Now that times have changed and Britain is leaving the European Union, it's time to reconsider Greece's claim for the return of the Parthenon sculptures, according to an opinion piece in the Washington Post published this weekend.
Despite the differing opinions today, the author notes, the case is stronger than ever that they should return to Athens, the cradle of Western culture.
When Thomas Bruce, Earl of Elgin and British ambassador to the Ottoman Empire, asked permission of the sultan to "take away some pieces of stone with old inscriptions and figures," the earl "naturally took this as license to remove some 17 statues from the pediments, 15 metopes (carved panels) and 247 feet of the frieze from the Parthenon and bring them back home to merry old England," says the article.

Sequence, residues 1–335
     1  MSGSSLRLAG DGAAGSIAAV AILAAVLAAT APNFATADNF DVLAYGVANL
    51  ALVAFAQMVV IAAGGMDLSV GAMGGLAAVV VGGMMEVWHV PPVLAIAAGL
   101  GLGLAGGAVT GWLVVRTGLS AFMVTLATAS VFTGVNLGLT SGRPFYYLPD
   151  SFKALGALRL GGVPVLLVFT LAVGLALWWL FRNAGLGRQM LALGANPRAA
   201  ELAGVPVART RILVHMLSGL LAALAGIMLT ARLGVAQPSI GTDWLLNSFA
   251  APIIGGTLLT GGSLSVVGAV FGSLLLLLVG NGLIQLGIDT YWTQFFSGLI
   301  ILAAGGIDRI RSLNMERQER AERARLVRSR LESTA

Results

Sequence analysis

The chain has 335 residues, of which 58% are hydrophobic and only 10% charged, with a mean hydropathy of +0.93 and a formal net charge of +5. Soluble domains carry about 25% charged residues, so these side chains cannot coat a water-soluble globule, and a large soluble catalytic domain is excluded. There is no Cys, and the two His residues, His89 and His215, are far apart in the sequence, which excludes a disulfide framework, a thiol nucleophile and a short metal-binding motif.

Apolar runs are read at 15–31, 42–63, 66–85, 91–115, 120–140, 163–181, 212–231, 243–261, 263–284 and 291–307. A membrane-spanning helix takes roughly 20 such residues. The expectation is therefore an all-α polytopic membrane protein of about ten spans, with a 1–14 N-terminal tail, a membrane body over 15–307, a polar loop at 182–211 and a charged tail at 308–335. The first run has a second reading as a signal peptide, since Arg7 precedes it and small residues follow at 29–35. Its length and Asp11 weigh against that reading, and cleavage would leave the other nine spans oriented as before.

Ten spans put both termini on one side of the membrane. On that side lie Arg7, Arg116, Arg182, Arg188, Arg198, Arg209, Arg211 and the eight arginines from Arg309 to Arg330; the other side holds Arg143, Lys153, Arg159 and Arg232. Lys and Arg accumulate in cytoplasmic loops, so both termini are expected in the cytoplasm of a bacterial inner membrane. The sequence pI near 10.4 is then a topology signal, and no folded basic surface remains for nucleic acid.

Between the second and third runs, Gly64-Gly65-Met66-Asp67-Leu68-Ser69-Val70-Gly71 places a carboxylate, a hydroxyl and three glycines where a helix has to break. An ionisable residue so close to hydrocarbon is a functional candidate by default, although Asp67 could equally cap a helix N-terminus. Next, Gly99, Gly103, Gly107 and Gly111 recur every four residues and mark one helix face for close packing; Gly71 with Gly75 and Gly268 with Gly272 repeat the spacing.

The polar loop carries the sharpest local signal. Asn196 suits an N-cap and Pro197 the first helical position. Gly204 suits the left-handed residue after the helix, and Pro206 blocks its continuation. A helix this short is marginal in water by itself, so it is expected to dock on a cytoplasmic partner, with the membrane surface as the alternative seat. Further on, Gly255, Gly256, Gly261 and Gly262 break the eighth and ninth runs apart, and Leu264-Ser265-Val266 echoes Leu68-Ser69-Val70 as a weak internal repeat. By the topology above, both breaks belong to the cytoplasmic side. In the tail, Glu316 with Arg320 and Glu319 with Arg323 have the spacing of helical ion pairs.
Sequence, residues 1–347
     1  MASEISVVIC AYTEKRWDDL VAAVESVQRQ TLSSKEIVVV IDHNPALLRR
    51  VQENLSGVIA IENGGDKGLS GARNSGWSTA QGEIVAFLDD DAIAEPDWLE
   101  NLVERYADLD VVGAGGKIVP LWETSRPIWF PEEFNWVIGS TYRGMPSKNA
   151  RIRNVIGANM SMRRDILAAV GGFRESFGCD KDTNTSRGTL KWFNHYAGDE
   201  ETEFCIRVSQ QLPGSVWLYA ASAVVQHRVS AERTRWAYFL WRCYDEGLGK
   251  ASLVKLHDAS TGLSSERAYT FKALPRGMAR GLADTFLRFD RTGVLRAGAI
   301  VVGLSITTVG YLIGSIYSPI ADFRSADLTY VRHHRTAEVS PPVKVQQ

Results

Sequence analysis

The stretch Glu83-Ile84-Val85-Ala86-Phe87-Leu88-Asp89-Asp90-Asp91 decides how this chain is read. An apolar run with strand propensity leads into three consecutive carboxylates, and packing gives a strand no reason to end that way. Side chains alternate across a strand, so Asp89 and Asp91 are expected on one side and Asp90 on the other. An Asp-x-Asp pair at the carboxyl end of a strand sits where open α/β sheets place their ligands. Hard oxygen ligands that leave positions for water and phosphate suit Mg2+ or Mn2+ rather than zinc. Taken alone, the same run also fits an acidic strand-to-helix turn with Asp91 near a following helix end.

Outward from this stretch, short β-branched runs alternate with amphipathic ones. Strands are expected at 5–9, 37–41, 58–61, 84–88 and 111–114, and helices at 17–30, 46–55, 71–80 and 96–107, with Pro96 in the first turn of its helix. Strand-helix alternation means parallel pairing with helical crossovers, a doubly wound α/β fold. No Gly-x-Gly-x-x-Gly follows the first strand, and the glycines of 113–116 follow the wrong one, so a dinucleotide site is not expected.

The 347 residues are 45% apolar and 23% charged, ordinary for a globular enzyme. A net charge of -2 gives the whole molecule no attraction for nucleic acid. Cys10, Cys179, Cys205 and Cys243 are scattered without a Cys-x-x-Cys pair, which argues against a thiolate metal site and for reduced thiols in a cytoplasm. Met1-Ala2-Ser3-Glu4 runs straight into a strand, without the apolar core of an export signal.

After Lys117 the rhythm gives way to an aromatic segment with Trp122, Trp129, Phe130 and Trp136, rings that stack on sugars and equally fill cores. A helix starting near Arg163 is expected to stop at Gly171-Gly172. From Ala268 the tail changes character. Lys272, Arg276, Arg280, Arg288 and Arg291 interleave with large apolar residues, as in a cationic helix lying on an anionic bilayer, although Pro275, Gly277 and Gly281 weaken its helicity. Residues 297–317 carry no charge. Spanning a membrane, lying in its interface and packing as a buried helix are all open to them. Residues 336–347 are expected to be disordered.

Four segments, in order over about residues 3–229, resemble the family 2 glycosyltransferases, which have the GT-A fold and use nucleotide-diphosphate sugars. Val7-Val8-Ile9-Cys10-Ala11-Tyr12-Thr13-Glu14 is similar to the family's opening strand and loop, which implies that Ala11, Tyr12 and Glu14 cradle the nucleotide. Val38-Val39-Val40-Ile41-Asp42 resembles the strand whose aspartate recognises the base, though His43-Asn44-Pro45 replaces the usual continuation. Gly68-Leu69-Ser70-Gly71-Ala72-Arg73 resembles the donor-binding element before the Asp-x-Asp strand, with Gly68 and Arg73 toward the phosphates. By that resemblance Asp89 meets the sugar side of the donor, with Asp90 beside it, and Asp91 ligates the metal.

The old argument that the move was an act of preserving the monuments that theoretically could not be appreciated by the locals needed to be revisited, as "Greece is today revered as the cradle of Western culture," making the Greeks the natural choice of housing the sculptures.
Now that Brexit is a reality, "maybe they do belong to all of us. Why, then, should their keeper be the very country that insists on belonging only to itself?"